Along with creating a service mesh, Istio allows you to manage gateways, which are Envoy proxies running at the edge of the mesh, providing fine-grained control over traffic entering and leaving the mesh.
Some of Istio’s built in configuration profiles deploy gateways during installation.
For example, a call to
istioctl install with default settings
will deploy an ingress gateway along with the control plane.
Although fine for evaluation and simple use cases, this couples the gateway to the control plane, making management and upgrade more complicated.
For production Istio deployments, it is highly recommended to decouple these to allow independent operation.
Follow this guide to separately deploy and manage one or more gateways in a production installation of Istio.
This guide requires the Istio control plane to be installed before proceeding.
Deploying a gateway
Using the same mechanisms as Istio sidecar injection, the Envoy proxy configuration for gateways can similarly be auto-injected.
Using auto-injection for gateway deployments is recommended as it gives developers full control over the gateway deployment, while also simplifying operations. When a new upgrade is available, or a configuration has changed, gateway pods can be updated by simply restarting them. This makes the experience of operating a gateway deployment the same as operating sidecars.
To support users with existing deployment tools, Istio provides a few different ways to deploy a gateway. Each method will produce the same result. Choose the method you are most familiar with.
First, setup an
IstioOperator configuration file, called
apiVersion: install.istio.io/v1alpha1 kind: IstioOperator metadata: name: ingress spec: profile: empty # Do not install CRDs or the control plane components: ingressGateways: - name: ingressgateway namespace: istio-ingress enabled: true label: # Set a unique label for the gateway. This is required to ensure Gateways # can select this workload istio: ingressgateway values: gateways: istio-ingressgateway: # Enable gateway injection injectionTemplate: gateway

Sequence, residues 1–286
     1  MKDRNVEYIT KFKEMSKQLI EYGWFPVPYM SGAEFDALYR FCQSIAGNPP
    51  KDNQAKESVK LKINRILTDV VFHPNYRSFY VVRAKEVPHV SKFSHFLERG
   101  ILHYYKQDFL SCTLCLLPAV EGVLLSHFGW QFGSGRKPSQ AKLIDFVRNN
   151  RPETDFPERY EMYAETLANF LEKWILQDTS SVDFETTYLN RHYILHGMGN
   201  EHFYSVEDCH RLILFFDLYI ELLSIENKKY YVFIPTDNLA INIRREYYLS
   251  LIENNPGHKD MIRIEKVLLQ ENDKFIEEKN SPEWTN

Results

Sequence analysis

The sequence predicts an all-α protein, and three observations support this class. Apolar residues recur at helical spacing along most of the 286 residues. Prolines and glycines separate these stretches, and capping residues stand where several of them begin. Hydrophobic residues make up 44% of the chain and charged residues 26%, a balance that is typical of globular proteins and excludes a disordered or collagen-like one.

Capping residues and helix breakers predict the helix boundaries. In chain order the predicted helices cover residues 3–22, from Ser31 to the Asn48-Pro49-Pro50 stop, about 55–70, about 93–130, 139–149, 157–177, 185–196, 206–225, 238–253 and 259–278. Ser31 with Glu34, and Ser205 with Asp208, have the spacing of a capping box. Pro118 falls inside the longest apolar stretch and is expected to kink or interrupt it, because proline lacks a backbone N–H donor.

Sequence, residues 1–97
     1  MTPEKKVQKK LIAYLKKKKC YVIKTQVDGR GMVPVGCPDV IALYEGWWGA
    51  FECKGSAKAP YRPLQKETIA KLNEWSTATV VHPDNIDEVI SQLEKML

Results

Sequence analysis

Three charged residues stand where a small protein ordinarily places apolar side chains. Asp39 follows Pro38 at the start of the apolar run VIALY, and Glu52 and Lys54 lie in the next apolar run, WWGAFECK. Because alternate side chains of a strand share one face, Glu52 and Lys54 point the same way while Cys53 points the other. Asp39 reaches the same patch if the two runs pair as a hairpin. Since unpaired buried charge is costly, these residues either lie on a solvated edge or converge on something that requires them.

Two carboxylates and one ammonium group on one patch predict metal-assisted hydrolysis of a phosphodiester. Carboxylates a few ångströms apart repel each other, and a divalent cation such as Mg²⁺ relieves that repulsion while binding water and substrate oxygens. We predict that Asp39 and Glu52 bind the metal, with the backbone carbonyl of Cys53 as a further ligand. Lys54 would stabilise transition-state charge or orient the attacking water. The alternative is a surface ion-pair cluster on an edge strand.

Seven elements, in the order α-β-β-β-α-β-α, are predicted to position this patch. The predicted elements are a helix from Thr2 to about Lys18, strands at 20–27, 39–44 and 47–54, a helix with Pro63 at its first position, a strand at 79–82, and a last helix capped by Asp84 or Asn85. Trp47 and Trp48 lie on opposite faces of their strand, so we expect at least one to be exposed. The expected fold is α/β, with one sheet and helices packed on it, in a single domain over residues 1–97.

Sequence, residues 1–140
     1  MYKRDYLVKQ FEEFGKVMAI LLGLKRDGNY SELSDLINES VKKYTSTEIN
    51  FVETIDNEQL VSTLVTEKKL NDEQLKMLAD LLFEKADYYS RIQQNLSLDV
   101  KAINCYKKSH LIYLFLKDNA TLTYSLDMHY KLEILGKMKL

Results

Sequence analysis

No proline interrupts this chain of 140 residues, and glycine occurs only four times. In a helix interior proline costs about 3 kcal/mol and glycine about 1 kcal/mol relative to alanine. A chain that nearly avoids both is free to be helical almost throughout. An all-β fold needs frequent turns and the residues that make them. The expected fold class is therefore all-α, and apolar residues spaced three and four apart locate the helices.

Then install using standard
$ kubectl create namespace istio-ingress $ istioctl install -f ingress.yaml
Install using standard
$ kubectl create namespace istio-ingress $ helm install istio-ingress istio/gateway -n istio-ingress
To see possible supported configuration values, run
helm show values istio/gateway.
The Helm repository README contains additional information
First, setup the Kubernetes configuration, called
apiVersion: v1 kind: Service metadata: name: istio-ingressgateway namespace: istio-ingress spec: type: LoadBalancer selector: istio: ingressgateway ports: - port: 80 name: http - port: 443 name: https --- apiVersion: apps/v1 kind: Deployment metadata: name: istio-ingressgateway namespace: istio-ingress spec: selector: matchLabels: istio: ingressgateway template: metadata: annotations: # Select the gateway injection template (rather than the default sidecar template) inject.istio.io/templates: gateway labels: # Set a unique label for the gateway. This is required to ensure Gateways can select this workload istio: ingressgateway # Enable gateway injection. If connecting to a revisioned control plane, replace with "istio.io/rev: revision-name" sidecar.istio.io/inject: "true" spec: containers: - name: istio-proxy image: auto # The image will automatically update each time the pod starts. --- # Set up roles to allow reading credentials for TLS apiVersion: rbac.authorization.k8s.io/v1 kind: Role metadata: name: istio-ingressgateway-sds namespace: istio-ingress rules: - apiGroups: [""] resources: ["secrets"] verbs: ["get", "watch", "list"] --- apiVersion: rbac.authorization.k8s.io/v1 kind: RoleBinding metadata: name: istio-ingressgateway-sds namespace: istio-ingress roleRef: apiGroup: rbac.authorization.k8s.io kind: Role name: istio-ingressgateway-sds subjects: - kind: ServiceAccount name: default
Next, apply it to the cluster:
$ kubectl create namespace istio-ingress $ kubectl apply -f ingress.yaml